Thursday, April 25, 2013

The Mega-Galleries of Chelsea

 David Zwirner's new five-story, 30,000 square-foot exhibition and project space at 537 West 20th Street. 
By Charles Kessler

I have mixed feelings about the enormous gallery spaces being built in Chelsea lately. On the one hand, they do some great shows. Gagosian (11 spaces worldwide, two large ones in Chelsea) just closed Helen Frankenthaler from 1950 to 1959an exhibition any museum would be proud of; David Zwirner (30,000 square feet added to its already enormous space) is currently showing Richard Serra, Early Work; Hauser & Wirth (their new space is a former roller rink, and they've included a bar that overlooks the High Line) recently had an enormous Dieter Roth exhibition.
Hauser & Wirth’s new 24,700 square-foot venue at 511 West 18th Street – former home to the Roxy roller rink.
Bar over the entry ramp to the Hauser & Wirth Gallery – architect Annabelle Selldorf.
And there’s Pace Gallery with three spaces in Chelsea, two in London and one and Beijing; and even Sean Kelly, a mid-sized gallery, moved to a 22,000 square-foot space at 475 10th Avenue.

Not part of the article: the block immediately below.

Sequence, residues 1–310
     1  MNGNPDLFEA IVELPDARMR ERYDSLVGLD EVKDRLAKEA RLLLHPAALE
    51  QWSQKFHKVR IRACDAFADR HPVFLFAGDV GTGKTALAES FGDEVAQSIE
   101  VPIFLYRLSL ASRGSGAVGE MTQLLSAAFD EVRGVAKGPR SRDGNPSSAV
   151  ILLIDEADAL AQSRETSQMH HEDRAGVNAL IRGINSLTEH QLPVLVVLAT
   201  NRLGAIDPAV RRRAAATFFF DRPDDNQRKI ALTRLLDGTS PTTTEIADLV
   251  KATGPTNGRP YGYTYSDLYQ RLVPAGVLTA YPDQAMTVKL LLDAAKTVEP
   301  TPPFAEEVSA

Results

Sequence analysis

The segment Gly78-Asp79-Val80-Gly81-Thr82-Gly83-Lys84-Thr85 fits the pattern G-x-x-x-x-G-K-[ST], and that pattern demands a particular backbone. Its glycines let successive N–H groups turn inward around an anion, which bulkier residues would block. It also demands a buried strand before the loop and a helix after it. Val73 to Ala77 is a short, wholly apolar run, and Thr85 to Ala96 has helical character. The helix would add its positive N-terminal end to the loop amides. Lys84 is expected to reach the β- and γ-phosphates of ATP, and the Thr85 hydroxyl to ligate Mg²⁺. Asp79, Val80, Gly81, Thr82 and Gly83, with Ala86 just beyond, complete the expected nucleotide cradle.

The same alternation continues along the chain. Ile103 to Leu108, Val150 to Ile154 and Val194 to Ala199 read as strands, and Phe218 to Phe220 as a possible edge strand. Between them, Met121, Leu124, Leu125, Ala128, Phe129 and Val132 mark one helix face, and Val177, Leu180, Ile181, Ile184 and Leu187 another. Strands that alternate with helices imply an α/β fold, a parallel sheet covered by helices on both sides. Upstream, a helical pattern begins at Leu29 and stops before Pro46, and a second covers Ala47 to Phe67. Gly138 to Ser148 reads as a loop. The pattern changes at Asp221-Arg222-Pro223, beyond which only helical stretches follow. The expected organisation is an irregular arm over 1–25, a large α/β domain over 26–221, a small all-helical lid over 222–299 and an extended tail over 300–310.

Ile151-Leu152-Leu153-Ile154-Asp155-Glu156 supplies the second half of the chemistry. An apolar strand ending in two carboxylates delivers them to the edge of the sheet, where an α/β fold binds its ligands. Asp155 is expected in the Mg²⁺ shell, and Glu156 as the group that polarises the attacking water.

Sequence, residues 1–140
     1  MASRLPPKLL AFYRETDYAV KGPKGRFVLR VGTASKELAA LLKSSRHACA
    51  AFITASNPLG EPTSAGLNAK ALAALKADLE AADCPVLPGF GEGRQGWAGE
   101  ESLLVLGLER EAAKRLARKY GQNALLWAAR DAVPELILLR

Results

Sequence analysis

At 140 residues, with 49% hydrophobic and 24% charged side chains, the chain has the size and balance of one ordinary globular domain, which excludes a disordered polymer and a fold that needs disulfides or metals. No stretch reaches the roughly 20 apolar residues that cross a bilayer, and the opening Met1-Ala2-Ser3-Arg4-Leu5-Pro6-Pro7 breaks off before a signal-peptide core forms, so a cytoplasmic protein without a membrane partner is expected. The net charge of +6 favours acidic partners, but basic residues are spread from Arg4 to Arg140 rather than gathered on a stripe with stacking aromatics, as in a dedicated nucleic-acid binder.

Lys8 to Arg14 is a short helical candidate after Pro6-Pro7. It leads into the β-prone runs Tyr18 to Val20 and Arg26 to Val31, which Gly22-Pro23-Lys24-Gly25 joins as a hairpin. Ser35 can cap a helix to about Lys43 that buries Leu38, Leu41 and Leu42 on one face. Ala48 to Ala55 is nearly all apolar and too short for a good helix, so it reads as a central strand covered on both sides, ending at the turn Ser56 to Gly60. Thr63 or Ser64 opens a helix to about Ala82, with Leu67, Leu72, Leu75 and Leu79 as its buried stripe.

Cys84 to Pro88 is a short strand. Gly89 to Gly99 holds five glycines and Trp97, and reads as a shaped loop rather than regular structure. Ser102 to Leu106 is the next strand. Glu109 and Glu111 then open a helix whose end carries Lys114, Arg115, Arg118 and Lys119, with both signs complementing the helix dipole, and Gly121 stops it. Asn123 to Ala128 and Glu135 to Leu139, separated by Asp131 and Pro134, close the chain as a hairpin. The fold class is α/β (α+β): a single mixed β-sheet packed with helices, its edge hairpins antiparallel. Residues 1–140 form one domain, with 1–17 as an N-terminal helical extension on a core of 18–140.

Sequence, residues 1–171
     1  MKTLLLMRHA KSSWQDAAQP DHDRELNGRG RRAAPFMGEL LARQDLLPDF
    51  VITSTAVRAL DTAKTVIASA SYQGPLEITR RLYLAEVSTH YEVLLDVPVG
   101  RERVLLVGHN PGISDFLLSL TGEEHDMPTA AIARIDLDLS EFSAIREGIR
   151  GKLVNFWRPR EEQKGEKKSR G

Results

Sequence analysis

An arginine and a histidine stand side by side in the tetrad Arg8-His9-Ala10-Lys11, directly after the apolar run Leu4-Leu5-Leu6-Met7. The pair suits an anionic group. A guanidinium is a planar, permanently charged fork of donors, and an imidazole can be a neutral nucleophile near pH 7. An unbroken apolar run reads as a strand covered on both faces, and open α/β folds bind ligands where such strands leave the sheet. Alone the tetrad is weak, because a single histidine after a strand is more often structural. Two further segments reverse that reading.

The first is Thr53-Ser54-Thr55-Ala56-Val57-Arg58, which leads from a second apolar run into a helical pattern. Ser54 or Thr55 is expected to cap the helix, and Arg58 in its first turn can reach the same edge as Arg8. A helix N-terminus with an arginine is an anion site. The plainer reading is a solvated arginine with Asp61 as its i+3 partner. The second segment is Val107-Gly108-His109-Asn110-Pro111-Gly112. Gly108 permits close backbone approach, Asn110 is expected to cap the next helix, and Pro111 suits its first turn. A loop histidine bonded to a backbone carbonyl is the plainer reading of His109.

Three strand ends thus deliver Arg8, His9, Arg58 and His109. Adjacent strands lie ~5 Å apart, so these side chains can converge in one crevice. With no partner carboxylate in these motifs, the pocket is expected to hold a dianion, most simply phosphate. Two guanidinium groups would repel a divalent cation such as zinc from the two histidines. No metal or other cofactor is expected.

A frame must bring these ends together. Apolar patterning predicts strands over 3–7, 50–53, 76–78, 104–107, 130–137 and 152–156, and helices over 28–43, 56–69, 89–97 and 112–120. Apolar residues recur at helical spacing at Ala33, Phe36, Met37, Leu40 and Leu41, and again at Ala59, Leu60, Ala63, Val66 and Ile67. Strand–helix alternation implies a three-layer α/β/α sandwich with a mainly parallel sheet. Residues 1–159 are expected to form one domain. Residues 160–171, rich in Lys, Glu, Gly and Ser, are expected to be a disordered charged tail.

What’s happening, I think, is the top galleries are making so much money that not only can they afford these huge spaces, but it’s also an absolute business necessity if they want to compete for the billionaire market. It’s no big deal for billionaires to pay millions of dollars for an ordinary Gerhart Richter painting, but they're not doing it because they’re committed collectors who are knowledgeable and passionate about art. What they’re really buying is prestige, and this kind of conspicuous size and luxury is necessary to convince them that they’re getting it.

I know the art world has always been like that, but these mega-galleries flaunt it so much that, in spite of the high quality of some of their shows, I feel dirty even going into them.

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